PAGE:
If your sourcing strategy isn’t evolving, your business may not be around by 2020.
That was the simple message delivered at a Sourcing at Magic panel this week, where Apparel magazine and management consulting firm Kurt Salmon presented findings from their 10th annual global sourcing study.
“If you look at the concept of sourcing, it has not really changed in many years. The same things people looked at then are the same things people look at now, and that’s cost and quality,” said Akshay Madane, Kurt Salmon senior manager. “What has changed is the complexity of sourcing.”
Today, the greatest factor driving the shifts in sourcing are maintaining the balance between consumer satisfaction and the uncertainty in the marketplace. And the biggest challenge for sourcing executives has been managing that uncertainty.
But, according to Madane, evolution will be the way to manage it.
“The companies that will win in the future are the companies that review their sourcing strategies and their strategy will be evolving continuously,” he said. “Leaders are evolving their sourcing strategies more frequently than ever before.”
In a break from what’s been the norm, 68 percent of companies are revising their sourcing strategy every six months and 94 percent are reevaluating and making changes to their game plans each year.
The role of China and sourcing is also changing. Instead of looking solely at China as a low cost country—which is increasingly less the case as costs go up—companies are continuing to look beyond the Asian nation, and alternatives, like Vietnam, Bangladesh and Indonesia are upping their viability.
According to the study, 68 percent of companies are exploring new sourcing regions. Two percent more are sourcing in the Americas, Bangladesh and Vietnam compared to last year, while 7 percent less are sourcing in China.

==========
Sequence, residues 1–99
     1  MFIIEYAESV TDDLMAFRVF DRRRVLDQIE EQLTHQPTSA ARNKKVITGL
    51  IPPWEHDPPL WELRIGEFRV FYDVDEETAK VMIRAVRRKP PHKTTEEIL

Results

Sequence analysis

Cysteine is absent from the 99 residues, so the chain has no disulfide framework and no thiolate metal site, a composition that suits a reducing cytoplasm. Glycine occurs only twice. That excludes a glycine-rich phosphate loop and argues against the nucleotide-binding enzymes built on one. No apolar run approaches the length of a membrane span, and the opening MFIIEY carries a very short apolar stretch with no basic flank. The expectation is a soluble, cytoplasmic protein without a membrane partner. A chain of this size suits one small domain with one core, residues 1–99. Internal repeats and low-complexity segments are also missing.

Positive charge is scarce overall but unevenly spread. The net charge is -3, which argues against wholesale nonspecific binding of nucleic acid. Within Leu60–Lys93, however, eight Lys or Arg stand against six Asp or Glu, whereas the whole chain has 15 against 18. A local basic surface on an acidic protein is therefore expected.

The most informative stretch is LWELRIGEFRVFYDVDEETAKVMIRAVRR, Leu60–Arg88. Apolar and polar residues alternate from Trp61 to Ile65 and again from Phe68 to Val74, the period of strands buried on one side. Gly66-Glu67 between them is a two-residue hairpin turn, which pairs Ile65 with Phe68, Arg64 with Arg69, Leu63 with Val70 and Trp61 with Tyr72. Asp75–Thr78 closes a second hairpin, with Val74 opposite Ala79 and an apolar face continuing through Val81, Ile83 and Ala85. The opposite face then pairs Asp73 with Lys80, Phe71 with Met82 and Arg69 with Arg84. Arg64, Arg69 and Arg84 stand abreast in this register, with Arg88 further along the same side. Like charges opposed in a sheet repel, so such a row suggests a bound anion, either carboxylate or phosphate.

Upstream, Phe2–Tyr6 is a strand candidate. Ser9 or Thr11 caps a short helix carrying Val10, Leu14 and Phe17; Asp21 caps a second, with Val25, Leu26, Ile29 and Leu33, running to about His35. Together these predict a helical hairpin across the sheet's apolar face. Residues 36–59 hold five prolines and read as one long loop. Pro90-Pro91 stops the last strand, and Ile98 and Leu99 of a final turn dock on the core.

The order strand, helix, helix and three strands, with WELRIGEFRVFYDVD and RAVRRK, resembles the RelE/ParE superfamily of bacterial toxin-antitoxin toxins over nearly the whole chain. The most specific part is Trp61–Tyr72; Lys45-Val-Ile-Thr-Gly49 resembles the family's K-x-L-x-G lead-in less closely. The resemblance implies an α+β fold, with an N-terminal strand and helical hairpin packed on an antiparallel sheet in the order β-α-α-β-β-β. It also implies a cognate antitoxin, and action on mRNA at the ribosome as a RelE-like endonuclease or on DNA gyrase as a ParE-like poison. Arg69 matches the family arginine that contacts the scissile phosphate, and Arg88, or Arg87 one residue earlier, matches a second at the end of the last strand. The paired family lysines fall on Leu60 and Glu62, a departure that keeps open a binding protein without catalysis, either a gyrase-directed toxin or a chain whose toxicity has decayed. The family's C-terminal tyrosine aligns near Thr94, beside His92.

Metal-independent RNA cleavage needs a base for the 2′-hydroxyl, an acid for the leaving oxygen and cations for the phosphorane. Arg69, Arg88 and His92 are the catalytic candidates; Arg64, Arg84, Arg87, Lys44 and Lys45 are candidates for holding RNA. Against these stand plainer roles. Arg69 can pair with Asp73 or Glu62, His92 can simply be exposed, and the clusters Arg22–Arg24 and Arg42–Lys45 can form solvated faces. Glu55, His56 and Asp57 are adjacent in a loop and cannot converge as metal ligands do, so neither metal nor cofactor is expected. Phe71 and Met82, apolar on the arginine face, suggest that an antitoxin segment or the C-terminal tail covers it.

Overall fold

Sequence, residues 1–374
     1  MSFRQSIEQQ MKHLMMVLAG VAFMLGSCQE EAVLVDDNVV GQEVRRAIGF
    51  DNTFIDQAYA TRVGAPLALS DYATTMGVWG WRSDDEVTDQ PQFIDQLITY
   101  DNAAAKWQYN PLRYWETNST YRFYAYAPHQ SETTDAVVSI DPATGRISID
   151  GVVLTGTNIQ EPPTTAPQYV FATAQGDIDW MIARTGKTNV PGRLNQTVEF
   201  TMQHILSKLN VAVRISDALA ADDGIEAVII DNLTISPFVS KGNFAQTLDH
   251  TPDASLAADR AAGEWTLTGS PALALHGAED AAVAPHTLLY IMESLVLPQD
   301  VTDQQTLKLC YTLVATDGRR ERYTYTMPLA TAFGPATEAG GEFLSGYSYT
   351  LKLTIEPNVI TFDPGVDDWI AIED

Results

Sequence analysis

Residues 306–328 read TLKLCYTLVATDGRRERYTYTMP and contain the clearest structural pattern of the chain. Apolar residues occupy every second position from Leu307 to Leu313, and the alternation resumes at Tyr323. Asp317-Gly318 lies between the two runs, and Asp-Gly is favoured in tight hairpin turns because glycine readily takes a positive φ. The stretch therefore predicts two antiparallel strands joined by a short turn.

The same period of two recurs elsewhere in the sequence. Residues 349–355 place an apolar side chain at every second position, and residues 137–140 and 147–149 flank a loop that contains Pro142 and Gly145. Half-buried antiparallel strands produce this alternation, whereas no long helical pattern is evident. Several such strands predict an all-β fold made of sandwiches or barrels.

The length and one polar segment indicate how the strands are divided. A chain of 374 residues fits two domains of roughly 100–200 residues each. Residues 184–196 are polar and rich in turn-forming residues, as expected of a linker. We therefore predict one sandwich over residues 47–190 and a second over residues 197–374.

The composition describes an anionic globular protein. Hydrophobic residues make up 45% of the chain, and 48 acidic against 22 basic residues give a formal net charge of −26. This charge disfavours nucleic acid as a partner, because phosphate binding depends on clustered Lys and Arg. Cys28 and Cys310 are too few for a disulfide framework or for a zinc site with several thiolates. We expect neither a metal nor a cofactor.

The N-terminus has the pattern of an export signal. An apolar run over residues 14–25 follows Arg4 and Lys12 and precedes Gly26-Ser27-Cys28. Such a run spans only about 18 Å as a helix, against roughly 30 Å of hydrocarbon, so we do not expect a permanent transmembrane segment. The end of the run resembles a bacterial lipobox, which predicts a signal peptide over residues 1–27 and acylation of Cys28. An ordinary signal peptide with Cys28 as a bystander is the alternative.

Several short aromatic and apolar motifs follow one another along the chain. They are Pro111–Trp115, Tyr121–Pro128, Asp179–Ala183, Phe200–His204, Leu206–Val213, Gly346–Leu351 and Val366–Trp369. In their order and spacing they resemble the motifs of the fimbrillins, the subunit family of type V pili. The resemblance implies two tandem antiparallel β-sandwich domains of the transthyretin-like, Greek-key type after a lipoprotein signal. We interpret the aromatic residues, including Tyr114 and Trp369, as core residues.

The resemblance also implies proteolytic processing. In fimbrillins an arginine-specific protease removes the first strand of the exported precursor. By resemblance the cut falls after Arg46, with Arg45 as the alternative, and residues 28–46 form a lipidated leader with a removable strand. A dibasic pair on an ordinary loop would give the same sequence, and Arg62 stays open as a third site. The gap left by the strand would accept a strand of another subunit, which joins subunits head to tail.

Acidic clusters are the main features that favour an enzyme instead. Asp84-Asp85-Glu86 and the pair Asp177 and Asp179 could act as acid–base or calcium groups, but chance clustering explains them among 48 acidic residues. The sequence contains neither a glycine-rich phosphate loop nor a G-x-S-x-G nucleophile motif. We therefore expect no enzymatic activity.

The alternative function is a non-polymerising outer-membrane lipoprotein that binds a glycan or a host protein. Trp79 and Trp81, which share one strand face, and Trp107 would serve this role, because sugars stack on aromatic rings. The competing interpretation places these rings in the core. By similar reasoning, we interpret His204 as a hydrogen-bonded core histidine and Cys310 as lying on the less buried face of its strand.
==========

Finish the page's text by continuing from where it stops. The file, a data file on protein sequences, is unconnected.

So what can sourcing do? The answer, Madane said—apart from being more nimble—lies in super vendors.
“Companies need super vendors. Those that can manage trends, mitigate risk, add design value, provide fabrics,” he said. “Sourcing leaders are going to rely more and more on these super vendors.”
Should that become the case, the new challenge will be managing those vendors properly. And to do it, more companies are putting greater reliance on their offshore offices and agents are playing a bigger role.
Many of today’s most valuable vendors are running efficient operations, incorporating the latest in sophisticated technologies, and some are even helping drive sourcing strategies based on their level of knowledge. But while brands and retailers are stuck focusing on safety and social compliance from their vendors, many are missing the boat on the extent of what their vendors can offer.
As Madane explained, super vendors can invest in new sourcing regions and diversify risk by spreading production across factories—which will help organizations be the kind of nimble today’s market demands.
“Sourcing needs people who really understand the technicalities of sourcing,” Madane said. “A strong focus over the next few years is going to be on building up that sourcing talent.”
In the meantime, managing uncertainty and consumer expectation likely won’t get less challenging, but the solution for improving sourcing going forward is a fairly simple one.
“Look for vendors who are value-added super vendors and give more autonomy to offshore offices,” Madane said.